Furthermore, if President Trump seeks to reduce the trade deficit, his actions will likely have the opposite effect. High tariffs actually increase the trade deficit in two major ways (among many others that are beyond the scope of this article). First, US exports will shrink as a result of other countries retaliating with tariffs of their own. Second, the now higher cost of foreign goods will force many consumers to buy from domestic firms, which in turn sends domestic firms looking for additional capital to expand production and meet the new demand. If the domestic savings rate has not changed, they must attract capital from abroad, further increasing the trade deficit.

These effects are not just theoretical. The U.S. trade deficit has actually expanded by 7 percent since 2017, despite the president’s tariffs (or, perhaps, because of them).

What is more, from a strictly economic perspective the trade deficit does not matter a whole lot, and bilateral trade deficits do not matter at all. That is to say, looking at either bilateral trade deficits (say, with China or Canada), or trade deficits generally, misses the real story conveyed when accounting for trade flows.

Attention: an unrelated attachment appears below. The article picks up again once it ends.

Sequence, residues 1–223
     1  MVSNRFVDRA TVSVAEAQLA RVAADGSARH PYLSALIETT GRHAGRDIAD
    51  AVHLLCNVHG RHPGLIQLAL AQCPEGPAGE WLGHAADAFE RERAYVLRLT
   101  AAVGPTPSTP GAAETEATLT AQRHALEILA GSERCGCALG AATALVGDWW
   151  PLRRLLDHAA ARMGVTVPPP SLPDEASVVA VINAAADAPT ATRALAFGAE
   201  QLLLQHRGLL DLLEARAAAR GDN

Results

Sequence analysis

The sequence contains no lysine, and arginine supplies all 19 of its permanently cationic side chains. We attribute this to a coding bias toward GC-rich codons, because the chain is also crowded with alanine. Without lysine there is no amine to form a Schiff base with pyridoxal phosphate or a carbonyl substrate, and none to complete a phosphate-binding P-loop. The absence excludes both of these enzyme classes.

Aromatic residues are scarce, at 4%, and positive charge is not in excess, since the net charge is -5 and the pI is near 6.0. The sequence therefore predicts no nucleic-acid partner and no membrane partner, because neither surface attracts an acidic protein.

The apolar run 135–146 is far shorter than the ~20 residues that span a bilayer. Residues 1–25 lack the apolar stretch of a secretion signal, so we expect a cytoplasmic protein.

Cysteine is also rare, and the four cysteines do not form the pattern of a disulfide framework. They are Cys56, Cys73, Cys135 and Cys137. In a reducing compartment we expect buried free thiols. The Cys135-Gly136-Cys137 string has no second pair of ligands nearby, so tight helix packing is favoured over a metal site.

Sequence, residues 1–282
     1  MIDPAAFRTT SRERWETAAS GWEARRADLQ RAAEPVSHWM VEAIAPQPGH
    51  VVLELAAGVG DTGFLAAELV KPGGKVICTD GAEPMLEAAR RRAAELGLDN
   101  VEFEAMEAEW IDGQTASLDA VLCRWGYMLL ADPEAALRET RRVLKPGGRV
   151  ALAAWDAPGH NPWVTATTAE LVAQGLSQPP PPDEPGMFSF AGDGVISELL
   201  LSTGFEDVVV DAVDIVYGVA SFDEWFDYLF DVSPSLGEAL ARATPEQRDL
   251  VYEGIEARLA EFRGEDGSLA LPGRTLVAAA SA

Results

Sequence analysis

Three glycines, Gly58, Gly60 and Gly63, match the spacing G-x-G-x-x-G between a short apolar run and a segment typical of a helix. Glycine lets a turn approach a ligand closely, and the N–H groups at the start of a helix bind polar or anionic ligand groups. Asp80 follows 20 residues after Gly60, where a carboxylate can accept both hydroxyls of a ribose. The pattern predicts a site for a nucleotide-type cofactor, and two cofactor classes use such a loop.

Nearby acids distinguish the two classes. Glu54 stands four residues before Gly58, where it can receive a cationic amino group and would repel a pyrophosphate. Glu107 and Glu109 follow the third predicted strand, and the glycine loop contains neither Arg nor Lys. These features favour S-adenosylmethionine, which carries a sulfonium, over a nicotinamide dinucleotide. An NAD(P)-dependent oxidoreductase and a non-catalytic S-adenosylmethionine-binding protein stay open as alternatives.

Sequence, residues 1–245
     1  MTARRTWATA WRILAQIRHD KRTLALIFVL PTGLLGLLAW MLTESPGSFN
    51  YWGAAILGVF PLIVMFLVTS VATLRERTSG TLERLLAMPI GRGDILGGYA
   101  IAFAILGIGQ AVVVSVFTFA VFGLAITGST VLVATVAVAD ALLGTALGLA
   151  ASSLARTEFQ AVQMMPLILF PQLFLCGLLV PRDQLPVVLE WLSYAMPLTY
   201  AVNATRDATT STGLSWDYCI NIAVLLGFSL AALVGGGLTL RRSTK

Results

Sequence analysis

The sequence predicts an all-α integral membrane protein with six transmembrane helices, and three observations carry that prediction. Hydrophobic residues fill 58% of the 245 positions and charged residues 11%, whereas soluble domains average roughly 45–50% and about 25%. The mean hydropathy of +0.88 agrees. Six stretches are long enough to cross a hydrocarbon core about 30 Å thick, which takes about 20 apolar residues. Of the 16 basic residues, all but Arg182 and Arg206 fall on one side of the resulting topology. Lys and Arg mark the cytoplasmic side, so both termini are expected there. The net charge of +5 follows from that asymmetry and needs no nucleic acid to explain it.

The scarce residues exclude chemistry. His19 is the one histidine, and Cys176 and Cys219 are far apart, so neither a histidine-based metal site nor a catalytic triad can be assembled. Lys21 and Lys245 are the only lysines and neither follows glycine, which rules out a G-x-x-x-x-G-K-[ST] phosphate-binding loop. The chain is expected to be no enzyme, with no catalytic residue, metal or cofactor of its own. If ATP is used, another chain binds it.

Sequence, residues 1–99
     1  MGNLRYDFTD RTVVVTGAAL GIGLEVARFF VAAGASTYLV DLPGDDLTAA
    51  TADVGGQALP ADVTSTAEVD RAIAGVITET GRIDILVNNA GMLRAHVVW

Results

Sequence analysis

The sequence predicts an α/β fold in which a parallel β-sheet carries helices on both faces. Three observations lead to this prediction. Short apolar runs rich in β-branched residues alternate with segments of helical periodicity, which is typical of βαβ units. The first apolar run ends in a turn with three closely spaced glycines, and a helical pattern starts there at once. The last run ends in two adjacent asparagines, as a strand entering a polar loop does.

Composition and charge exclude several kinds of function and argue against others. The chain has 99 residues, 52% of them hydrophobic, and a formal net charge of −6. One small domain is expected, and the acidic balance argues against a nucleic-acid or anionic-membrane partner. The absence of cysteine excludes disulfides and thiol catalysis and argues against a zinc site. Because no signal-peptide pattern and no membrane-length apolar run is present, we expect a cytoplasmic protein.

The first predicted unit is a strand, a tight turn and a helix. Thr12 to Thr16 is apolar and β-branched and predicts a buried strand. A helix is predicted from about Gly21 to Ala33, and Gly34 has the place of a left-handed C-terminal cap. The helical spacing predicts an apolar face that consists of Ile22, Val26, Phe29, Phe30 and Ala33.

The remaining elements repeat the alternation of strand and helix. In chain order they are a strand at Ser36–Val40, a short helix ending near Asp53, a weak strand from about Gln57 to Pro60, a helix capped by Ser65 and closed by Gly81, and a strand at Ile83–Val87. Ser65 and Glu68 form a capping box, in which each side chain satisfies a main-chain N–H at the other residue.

Trade flows are calculated using the value of the finished product, not value added. For example, while the value added to an iPhone by assembling it in China is only about $6, the Chinese are still credited in the international trade accounting with the entire $200 required to manufacture the device. When the finished iPhone is imported into the U.S., the $200 is added to the U.S. trade deficit with the Chinese. In this way, trade deficits by themselves don’t necessarily reflect an addition to or diminution of US GDP. Basic GDP accounting shows this: GDP = C + I + G + (EX – IM), where C = consumption spending, I = investment spending, G = government spending, and (Ex – IM) = net exports. The GDP equation adds both exports and imports to the total value of the U.S. economy. The insertion of the net export term (EX – IM) doesn’t show that exports are a driver of GDP growth while imports hinder it; net exports, as the final variable in the equation, is merely an accounting tautology made necessary by the fact that all imports have already been accounted for in the consumption and government spending variables. Failing to subtract imports from exports at the end of the equation would serve to double count the value of goods imported into the United States.